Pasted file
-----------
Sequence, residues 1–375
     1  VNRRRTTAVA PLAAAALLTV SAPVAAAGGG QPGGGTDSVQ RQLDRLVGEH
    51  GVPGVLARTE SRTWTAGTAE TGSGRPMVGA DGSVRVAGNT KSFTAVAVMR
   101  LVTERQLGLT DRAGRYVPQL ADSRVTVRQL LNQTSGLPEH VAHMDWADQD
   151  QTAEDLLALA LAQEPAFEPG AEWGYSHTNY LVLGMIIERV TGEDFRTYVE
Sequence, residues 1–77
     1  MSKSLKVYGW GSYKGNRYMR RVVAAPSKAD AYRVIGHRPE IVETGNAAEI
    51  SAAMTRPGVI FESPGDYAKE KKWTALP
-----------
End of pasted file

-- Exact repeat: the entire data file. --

Sequence, residues 1–375
     1  VNRRRTTAVA PLAAAALLTV SAPVAAAGGG QPGGGTDSVQ RQLDRLVGEH
    51  GVPGVLARTE SRTWTAGTAE TGSGRPMVGA DGSVRVAGNT KSFTAVAVMR
   101  LVTERQLGLT DRAGRYVPQL ADSRVTVRQL LNQTSGLPEH VAHMDWADQD
   151  QTAEDLLALA LAQEPAFEPG AEWGYSHTNY LVLGMIIERV TGEDFRTYVE
Sequence, residues 1–77
     1  MSKSLKVYGW GSYKGNRYMR RVVAAPSKAD AYRVIGHRPE IVETGNAAEI
    51  SAAMTRPGVI FESPGDYAKE KKWTALP